Thursday, April 05, 2007

Taxes and Conscience

Someone in my church came forward this past Sunday and confessed some sins. He said that his business partner had been illegally writing off cell phones as a business expense when some of them were only being used for personal use by the families of the employees. He just let this slide rather than risk ending the partnership or losing employees. I agree with him that what he did was theft. He said that his conscience bothered him about this and it led him to commit worse sins.

Also this week I watched an old Billy Graham television special in which he discussed the conscience. He talked about how a person can dull his conscience to the point where worse sins can be committed without any guilt. He talked about how a person can accept Christ and restore a pure conscience from a corrupted state. He also mentioned that there is a conscience fund box (located at post offices) from people who have remorse for having cheated the government.

The fact that there are tax exemptions for business expenses causes compromising situations like the one my fellow congregant described. The cost of government using money to manipulate how people spend their money is the devastating consequence of corruption and lawlessness. People who know that they can get away with cheating the government and don’t care will likely do it. This amounts to a tax on conscientiousness. The tax code is so huge and complicated that people don’t even know if they’re cheating the government or not.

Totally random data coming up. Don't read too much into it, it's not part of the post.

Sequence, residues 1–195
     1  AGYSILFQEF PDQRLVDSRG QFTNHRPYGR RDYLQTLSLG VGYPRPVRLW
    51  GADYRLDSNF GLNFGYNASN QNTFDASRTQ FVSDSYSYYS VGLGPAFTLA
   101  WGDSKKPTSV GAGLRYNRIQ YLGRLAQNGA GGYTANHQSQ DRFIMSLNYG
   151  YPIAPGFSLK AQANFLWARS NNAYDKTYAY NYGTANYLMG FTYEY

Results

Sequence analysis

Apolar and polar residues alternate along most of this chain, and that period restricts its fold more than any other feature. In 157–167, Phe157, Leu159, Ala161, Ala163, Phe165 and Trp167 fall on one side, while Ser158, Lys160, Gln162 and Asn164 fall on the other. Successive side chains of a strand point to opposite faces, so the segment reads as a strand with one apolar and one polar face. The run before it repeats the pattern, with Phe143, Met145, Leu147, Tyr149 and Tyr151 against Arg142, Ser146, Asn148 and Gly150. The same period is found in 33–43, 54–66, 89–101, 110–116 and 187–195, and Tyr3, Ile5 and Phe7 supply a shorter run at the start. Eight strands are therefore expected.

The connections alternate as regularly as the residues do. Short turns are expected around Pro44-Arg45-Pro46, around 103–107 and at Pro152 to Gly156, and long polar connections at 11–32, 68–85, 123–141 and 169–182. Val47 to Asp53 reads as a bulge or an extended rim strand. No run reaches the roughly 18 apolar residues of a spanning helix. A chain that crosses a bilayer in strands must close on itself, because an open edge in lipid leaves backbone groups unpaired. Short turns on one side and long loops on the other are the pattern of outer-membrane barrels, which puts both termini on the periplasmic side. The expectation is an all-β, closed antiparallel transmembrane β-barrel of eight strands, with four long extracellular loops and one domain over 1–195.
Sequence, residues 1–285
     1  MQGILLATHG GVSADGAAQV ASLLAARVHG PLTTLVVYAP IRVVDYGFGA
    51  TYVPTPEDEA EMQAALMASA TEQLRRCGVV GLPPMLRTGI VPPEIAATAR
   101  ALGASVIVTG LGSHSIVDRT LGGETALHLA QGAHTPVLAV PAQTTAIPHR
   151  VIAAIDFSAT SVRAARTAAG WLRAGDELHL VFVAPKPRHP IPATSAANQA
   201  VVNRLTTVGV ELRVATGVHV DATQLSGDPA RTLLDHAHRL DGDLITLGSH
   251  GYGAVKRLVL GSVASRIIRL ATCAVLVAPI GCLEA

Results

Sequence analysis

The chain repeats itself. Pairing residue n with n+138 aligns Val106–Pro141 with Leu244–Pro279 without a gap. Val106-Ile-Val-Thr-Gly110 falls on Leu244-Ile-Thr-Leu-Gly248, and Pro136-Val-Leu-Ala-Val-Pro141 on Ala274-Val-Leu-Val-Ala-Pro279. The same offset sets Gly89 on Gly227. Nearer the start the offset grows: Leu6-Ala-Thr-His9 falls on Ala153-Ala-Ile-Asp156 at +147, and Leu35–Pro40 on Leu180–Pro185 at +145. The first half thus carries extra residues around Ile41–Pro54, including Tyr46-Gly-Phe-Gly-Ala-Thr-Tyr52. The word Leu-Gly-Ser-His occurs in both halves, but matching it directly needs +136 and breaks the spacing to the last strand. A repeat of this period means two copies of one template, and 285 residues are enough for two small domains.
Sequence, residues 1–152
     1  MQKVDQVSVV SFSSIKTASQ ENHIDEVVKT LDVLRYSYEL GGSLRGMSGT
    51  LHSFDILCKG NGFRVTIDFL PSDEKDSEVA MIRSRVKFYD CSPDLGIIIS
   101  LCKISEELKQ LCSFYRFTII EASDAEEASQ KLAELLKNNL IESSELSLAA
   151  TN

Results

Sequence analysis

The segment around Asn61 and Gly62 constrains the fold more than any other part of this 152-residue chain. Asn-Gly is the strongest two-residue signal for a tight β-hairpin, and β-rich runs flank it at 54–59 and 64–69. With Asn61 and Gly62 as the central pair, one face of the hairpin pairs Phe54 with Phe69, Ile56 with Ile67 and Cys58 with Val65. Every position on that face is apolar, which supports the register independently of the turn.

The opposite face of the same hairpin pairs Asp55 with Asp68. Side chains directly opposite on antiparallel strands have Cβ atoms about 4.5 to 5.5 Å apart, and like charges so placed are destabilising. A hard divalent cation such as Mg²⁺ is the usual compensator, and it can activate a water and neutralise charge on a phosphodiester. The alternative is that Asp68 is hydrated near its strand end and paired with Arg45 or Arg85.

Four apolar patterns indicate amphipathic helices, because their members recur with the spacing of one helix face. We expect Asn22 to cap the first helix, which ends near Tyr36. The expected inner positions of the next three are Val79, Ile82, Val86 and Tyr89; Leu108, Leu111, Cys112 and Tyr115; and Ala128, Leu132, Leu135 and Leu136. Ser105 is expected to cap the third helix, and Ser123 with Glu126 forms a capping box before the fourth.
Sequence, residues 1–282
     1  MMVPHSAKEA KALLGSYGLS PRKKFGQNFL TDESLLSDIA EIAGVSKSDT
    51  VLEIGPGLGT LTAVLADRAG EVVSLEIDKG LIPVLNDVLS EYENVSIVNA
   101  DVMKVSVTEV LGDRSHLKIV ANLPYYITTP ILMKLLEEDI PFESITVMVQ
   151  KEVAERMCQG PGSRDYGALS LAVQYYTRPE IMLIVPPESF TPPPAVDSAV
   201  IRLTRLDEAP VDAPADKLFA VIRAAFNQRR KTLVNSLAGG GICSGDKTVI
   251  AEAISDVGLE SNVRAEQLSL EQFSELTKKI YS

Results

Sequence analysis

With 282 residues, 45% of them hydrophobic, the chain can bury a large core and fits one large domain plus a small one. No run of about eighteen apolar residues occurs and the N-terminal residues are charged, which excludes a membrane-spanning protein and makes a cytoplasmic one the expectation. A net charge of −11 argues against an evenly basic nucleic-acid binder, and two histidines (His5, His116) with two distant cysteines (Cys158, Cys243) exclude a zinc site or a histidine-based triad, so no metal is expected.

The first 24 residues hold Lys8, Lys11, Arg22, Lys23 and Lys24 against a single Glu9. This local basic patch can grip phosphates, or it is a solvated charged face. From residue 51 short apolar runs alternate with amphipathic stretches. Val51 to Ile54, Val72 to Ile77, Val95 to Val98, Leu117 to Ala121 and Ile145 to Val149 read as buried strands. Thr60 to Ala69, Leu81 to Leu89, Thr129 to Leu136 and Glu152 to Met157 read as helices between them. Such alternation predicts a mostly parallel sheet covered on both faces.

Every special interest needs to give up their sweetheart deals. I am even in favor of getting rid of tax exemptions for churches. Simplicity and restraint of taxation is not just an economic issue, it a moral issue. The higher the tax rates, the more temptation there is to cheat. If I really had my way I would get rid of the IRS altogether, drastically cut spending (starting with stopping the war in Iraq), get rid of all of the free trade agreements, and increase tariffs and excise taxes.

Why should people who spend more of their money on a business get favorable treatment from the government? What gives the government the right to do this anyway? Even though the government cheats us in this and many other ways in regard to taxation, I don’t believe in taking the law into your own hands by cheating the government to make up for it.

1 comment:

LindsayDayton said...

here's a strategy my friend is suggesting to help change people's unwillingness to pay taxes: personal tax earmarking.

http://www.wisegeek.com/what-is-personal-tax-earmarking.html